Multimedia  

 

Volume 27 Issue 11-12 - Publication Date: 1 November 2008
 
Motion Planning for Legged Robots on Varied Terrain
 
Kris Hauser Department of Computer Science Stanford University Stanford, CA 94305-5447, USA, Timothy Bretl University of Illinois at Urbana-Champaign, Urbana, IL 61801-2935, USA, Jean-Claude Latombe Department of Computer Science Stanford University Stanford, CA 94305-5447, USA, Kensuke Harada Humanoid Research Group Intelligent Systems Research Institute National Institute of Advanced Industrial Science and Technology (AIST) Tsukuba, Ibaraki 305-8568, Japan, and Brian Wilcox Jet Propulsion Laboratory California Institute of Technology Pasadena, CA 91109
 
In the classical image-based visual servoing framework, error signals are directly computed from image feature parameters, allowing, in principle, control schemes to be obtained that need neither a complete three-dimensional (3D) model of the scene nor a perfect camera calibration. However, when the computation of control signals involves the interaction matrix, the current value of some 3D parameters is required for each considered feature, and typically a rough approximation of this value is used. With reference to the case of a point feature, for which the relevant 3D parameter is the depth Z, we propose a visual servoing approach where Z is observed and made available for servoing. This is achieved by interpreting depth as an unmeasurable state with known dynamics, and by building a non-linear observer that asymptotically recovers the actual value of Z for the selected feature. A byproduct of our analysis is the rigorous characterization of camera motions that actually allow such observation. Moreover, in the case of a partially uncalibrated camera, it is possible to exploit complementary camera motions in order to preliminarily estimate the focal length without knowing Z. Simulations and experimental results are presented for a mobile robot with an on-board camera in order to illustrate the benefits of integrating the depth observation within classical visual servoing schemes.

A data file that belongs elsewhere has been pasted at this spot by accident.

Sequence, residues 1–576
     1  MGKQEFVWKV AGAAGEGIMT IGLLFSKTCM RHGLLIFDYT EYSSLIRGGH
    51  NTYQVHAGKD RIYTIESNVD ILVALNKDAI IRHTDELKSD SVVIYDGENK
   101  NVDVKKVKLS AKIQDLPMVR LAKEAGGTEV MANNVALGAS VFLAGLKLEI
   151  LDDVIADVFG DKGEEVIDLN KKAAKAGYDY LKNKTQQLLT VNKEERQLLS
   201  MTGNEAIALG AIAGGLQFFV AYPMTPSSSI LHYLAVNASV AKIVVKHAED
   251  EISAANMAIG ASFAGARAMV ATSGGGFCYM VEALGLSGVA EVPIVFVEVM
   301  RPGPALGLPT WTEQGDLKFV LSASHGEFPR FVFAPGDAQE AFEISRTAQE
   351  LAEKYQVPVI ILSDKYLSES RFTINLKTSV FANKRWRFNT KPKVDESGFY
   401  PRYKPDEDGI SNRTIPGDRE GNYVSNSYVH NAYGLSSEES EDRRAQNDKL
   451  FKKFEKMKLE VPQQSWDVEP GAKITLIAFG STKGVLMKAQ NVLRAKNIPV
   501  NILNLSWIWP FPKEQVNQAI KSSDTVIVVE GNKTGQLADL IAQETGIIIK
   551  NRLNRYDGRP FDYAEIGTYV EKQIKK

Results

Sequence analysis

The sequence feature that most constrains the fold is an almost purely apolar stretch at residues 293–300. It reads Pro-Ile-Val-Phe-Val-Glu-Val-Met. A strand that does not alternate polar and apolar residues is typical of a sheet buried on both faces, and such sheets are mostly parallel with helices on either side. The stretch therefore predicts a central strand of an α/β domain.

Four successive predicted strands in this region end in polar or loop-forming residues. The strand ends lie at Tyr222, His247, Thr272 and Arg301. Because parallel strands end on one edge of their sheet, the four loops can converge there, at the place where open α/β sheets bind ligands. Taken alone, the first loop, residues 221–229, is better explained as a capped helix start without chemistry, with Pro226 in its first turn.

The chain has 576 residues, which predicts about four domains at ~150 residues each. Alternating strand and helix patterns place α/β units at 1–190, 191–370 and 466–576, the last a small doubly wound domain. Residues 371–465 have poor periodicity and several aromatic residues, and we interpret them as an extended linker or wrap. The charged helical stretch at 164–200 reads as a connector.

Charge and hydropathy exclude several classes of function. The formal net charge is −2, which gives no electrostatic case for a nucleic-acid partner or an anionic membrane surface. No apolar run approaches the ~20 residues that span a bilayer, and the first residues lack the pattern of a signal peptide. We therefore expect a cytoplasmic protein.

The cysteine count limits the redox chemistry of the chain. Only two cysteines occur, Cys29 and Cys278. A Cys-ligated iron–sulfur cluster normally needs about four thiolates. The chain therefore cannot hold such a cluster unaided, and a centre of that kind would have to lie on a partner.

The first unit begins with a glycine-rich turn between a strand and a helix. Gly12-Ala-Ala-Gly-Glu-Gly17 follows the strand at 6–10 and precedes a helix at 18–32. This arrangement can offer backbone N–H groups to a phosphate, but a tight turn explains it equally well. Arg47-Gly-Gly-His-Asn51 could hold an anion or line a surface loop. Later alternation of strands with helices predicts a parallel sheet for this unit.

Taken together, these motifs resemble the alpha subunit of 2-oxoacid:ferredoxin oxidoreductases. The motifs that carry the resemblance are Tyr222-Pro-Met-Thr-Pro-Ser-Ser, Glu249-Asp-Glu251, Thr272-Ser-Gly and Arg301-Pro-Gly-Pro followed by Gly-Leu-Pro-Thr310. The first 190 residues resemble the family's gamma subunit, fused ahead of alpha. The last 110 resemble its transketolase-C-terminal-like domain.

Multimedia Key
= Video = Data = Code = Image
 
Extension
Type
Description
1
Example 1: HRP-2 taking a single step to place a foot
2
Example 2: HRP-2 taking a single step to remove a foot
3
Example 3: ATHLETE walking with an alternating tripod gait on smooth terrain (feasible).
4
Example 4: ATHLETE walking with an alternating tripod gait on uneven terrain (infeasible). When the chassis is green, the configuration is feasible. When the chassis changes color, one or more constraints have been violated.
5
Example 5: ATHLETE walking with no fixed gait on smooth terrain.
6
Example 6: ATHLETE walking with no fixed gait on uneven terrain.
7
Example 7: ATHLETE rappelling down an irregular 60° slope with no fixed gait on smooth terrain.
8
Example 8: HRP-2 on slightly uneven terrain (planar walking primitive).
9
Example 9: HRP-2 climbing a ladder with uneven rungs (ladder-climbing primitive).
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Example 10: HRP-2 traversing large boulders (side-step primitive).
11
Example 11: HRP-2 on steep and uneven terrain (multiple primitives).
 
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